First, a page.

Casting and Interfaces
You may wonder what use all of this is to you as a developer. The ability to reduce the members of a class to a subset?a subset that it may share with other, different classes?allows you to work with a collection of such objects. As you know, to create the simplest of collections, an array, you must define the type of elements the array will be able to store. You may wish to store a group of different objects to an array, which would be impossible if you could not cast the objects into a common type.

For example, assume you have an Employee class with subclasses such as SalesPerson, Supervisor, CustomerServiceRep, and so on. You may wish to create an array-based collection of a group of these objects with access to a common Employee class member such as a CurrentPayRate() property. However, in their “native” state, this would not be possible. You cannot do the following:

   Dim Employees() As SalesPerson Or Supervisor_   Or CustomerServiceRep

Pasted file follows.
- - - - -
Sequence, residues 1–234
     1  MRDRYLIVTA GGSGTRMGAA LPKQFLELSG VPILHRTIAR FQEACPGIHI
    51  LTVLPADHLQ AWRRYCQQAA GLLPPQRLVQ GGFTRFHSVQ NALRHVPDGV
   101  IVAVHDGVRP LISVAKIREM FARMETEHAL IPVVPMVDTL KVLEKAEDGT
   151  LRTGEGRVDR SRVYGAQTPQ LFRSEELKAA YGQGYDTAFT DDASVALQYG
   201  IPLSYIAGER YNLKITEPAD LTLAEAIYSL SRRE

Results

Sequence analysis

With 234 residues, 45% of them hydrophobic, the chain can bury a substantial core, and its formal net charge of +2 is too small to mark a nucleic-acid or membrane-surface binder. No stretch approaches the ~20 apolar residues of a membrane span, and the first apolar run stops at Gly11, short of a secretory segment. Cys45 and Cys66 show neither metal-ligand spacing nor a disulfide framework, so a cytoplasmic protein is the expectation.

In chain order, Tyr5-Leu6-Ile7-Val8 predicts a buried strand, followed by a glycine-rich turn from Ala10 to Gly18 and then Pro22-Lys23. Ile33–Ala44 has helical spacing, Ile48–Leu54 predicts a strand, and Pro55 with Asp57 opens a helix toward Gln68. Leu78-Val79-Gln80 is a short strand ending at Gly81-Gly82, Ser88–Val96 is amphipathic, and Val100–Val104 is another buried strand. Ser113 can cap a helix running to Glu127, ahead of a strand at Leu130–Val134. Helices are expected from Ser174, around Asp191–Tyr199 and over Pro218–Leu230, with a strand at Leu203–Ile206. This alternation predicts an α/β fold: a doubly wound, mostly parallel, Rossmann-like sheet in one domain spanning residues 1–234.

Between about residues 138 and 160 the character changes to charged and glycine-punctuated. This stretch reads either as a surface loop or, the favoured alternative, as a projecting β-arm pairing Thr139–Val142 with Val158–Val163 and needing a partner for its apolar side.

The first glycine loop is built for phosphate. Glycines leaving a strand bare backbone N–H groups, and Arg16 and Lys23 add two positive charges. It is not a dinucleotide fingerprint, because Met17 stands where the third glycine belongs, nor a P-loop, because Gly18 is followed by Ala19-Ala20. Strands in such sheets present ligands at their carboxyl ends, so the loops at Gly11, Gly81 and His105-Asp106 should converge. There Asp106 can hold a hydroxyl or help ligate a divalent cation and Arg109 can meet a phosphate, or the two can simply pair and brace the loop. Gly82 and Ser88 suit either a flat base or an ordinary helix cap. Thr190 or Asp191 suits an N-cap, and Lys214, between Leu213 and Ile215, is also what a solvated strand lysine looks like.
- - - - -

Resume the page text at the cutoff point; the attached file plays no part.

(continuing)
However, you can do this:

   Dim Employees(2) As Employee   Employees(0) = CType(New _      SalesPerson(),"Employee")   Employees(1) = CType(New _   Supervisor(),"Employee")   Employees(2) = CType(New _   CustomerServiceRep(),"Employee")   Dim i As Integer   For i = 0 to UBound(Employees)        Console.WriteLine("Current rate of pay is "_         + Employees(i).CurrentPayRate.ToString()   End For

This works fine for a group of objects that may be based on the same superclass, or otherwise share a common ancestor. However, there may be disparate classes that you need to process as a collection, or pass as an argument to a method that do not share any common ancestor other than System.Object. How can you use casting to work around this? You can indeed cast such objects as a System.Object then recast them to their native types, but this may require more knowledge about the objects than you may possess in a given situation. Interfaces, however, are tailor-made to address this issue.

Any group of object classes can implement a common interface, and such an interface can be used in an object collection or passed as an argument by extracting the interface alone, using the CType() function to cast the object as it’s interface.

You may have noticed in the Watercraft class that it implements the ITopSpeed interface. The code for this interface is as follows: